The crowds for Anzac Day are definitely getter larger in numbers. After attending various Anzac Days throughout the Pacific over the last 5 years I've noticed the increase in young people at the dawn service and that was no different in New Zealand today.
Since the 100th Anniversary of the birth of our Anzacs (2 years ago) there has been more education and media attracting the larger numbers. What a great turnout in Christchurch New Zealand this morning. A lot of focus on mentioning Australia in the dawn service speeches by the presenters. “Good on you” to our kiwi cousins across the Tasman for turning it on, to which I would say, would have been one of the best Anzac dawn service I'd ever attended.
Cranmer Square, the location of the dawn service, has over 900 white crosses with the names of each soldier who died in WW1 in the first 90 hours of the war. Wellington, the nations capital, is planning to lay 17,000 white crosses including names of all soldiers who died in WW1. In New Zealand the Anzac spirit has really come to life.
I further attended a private Anzac service with my son 2Lt William Sams (2/4 Battalion Royal New Zealand Infantry Regiment) at Christs College where he is head strength and conditioning coach in the physical education department.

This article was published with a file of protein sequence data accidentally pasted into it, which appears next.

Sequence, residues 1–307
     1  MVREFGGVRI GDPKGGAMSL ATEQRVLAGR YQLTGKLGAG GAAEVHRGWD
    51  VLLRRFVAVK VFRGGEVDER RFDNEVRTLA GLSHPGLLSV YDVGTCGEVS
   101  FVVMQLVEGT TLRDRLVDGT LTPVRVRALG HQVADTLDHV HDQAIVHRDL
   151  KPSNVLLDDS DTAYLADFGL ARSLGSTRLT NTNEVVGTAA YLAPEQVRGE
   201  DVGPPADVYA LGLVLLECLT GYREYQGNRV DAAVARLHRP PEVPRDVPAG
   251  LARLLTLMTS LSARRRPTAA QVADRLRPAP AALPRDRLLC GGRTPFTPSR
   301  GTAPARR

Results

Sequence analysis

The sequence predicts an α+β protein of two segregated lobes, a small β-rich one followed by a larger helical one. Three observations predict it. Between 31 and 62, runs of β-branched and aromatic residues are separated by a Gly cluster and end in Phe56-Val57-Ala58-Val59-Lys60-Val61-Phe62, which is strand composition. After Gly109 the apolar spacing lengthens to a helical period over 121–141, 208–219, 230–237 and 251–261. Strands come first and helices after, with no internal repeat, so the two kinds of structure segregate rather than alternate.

The college laid out approx 100 white crosses in the courtyard representing the hundred college old boys who were killed in action WW1. An outstanding large black marble memorial plaque of Captain Charles Upham VC (with bar) WW2, a former Christs College student himself, stands on the Miles Warren classroom outside wall facing across the college grounds. On looking at the marble memorial shining in all its glory you can see a reflection of the sandstone college library in the background almost fooling the viewer to think the library is part of Upham's memorial.
A private ceremony and laying of a wreath was very appropriate to pay respects to those soldiers of WW1 who paid the ultimate sacrifice and to Captain Upham the only Commonwealth double Victoria Cross winner from WW2.